One of the biggest challenges with stand-up comedy is presenting something polished and well timed while making it seem loose and improvised. While the boys in Stella arent your traditional comedians, the three man team of Michael Showalter, Michael Ian Black, and David Wain took this principle to heart in front of a sold out crowd at The Vic, presenting the audience with an hour and a half conversation that hovered somewhere between stand-up and sketch, a wonderfully awkward hybrid that owed as much to Eugene Ionesco as it did to the Marx Brothers. As insane as the subject matter got, it all seemed 100% real. It was like watching and absurdist play. With poop jokes of course.
Simply put, the guys know how to act, drawing us and each other into their gonzo web of well rehearsed but seemingly unrehearsed lies. After taking the stage with nothing but three microphones and a projection screen, they promised singing, dancing, videos, and an elephant, quickly taking back the elephant and telling us that it would really be the Elephant Man, Michael Ian Black mugging all the deadpan honesty he could muster to warn us that it would be very disturbing. At no point throughout the rest of the show did he say that the Elephant Man wouldnt be there or give the audience a knowing smirk to hint that he was only kidding. The same went for Michael Showalter as he criticized a loyal fan from Minneapolis who drove all the way to Chicago even though the guys had performed in the larger twin city the night before. But it wasnt the typical brand of good-natured heckling that comedians usually save for anyone in the front row. Showalter seemed full of frightening, deeply rooted rage toward the young man in the vintage wool cap. I hate you! he screamed, remarking that his hat looked like it was from 1961. When the poor guy removed it, Showalter apologized saying hes so polite before quickly reverting back to Mr. Hyde mode, screaming but really, I hate you!
The fan smiled of course. Part of Stellas act has always been getting disturbingly emotional over all things silly. One of the highlights of the night was the Michaels teaching David Wain a local dance called the Chicago Clog Stomp. After making him go through the ridiculous movements, they revealed that they had tricked him and that there is no Chicago Clog Stomp. It was just a made up dance that they change depending on the city. Wain was horribly upset, carrying a somewhat wounded demeanor throughout the rest of the show. As in their videos, he was the butt of most of the jokes, the Butters to the Michaels Cartman, carrying a stage presence that always seemed innocent even when doing something as creepily funny as describing how he uses the opening riff to Bad To The Bone as his fuck music right before he comes.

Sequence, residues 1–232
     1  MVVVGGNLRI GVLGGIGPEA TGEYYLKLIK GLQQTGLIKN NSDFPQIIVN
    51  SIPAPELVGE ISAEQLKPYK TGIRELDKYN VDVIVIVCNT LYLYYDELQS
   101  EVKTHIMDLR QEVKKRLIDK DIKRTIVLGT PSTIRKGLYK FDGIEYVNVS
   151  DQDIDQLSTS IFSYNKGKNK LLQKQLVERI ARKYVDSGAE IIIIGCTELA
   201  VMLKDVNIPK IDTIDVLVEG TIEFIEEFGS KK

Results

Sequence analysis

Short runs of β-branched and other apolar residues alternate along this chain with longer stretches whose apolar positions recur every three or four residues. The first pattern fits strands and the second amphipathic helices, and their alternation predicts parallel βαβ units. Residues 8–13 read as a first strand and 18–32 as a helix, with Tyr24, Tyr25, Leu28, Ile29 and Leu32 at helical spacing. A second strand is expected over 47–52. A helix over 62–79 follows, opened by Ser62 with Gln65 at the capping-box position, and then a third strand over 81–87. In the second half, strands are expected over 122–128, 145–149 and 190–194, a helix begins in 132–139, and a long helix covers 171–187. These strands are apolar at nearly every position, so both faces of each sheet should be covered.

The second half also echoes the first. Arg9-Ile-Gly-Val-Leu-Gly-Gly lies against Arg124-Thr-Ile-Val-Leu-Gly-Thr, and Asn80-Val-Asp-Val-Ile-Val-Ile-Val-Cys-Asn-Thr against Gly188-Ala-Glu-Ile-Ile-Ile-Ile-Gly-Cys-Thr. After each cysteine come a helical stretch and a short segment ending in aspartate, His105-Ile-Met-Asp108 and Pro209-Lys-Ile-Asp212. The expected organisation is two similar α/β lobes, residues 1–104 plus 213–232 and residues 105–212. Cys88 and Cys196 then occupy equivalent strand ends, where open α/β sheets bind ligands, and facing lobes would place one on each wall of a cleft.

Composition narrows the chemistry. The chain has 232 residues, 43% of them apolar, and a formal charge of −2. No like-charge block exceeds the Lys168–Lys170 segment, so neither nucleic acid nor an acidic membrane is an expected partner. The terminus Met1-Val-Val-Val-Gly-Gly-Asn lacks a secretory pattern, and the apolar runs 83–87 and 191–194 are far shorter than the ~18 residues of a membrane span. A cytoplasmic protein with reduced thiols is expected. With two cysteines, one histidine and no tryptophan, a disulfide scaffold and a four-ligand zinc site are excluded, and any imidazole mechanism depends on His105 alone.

Other highlights of the night included Black’s passionate stance on Herman Wouk “perfecting the American novel,” a brand new video sketch depicting Showalters birthday, a slideshow of Christmas trees that evolved into a high stakes exchange of insults between Black and Wain (Blacks photo of Wain dressed up as Dustin Hoffman from Tootsie was a personal favorite), and of course Stellas now trademark encore of performing Movin Out (Anthonys Song) with none of the original lyrics intact. Several fan favorite bits were incorporated as well, most notably the Wain ostracizing game Zots and Crambles, and the guys going over their favorite party music, Showalter opting for Eric Claptons Tears In Heaven.
WAIN: Michael, thats about Eric Claptons son falling out of a window.
SHOWALTER: Yeah, into a party!
They were able to pull off such a tricky joke because there was nothing mean spirited about it. There was no look of look how controversial were being. You genuinely believed that Showalter loved partying to Tears In Heaven. Hell, you wanted to go onstage and party to the song with him. Audience participation was at an electric high, everyone singing and clapping when prompted, especially during the following riff on the cliched opening question of:
BLACK: Oh come on, you guys can do better than that. Now just the fellas.
BLACK: Now the ladies.
BLACK: Now the hermaphrodites.
*deep voiced cheers*
BLACK: Gets em every time.
It was this kind of understood irony between audience and performer that allowed Stella to elevate alienation to an art form. Being a longtime fan of their famed online shorts, films, and criminally short-lived television series, I wasnt sure what to expect from their live show, but it was a performance unlike anything else out there. They brought their defining celebration of awkwardness, absurdity, and potty humor to the stage, but infused it with a sense of fine tuned craftsmanship that lovers of both stand up and theatre could appreciate. But right when you developed this profound respect for their live work, they made a well-timed fart noise. And this made you respect them even more.
Stella Shorts – “Christmas Caroling”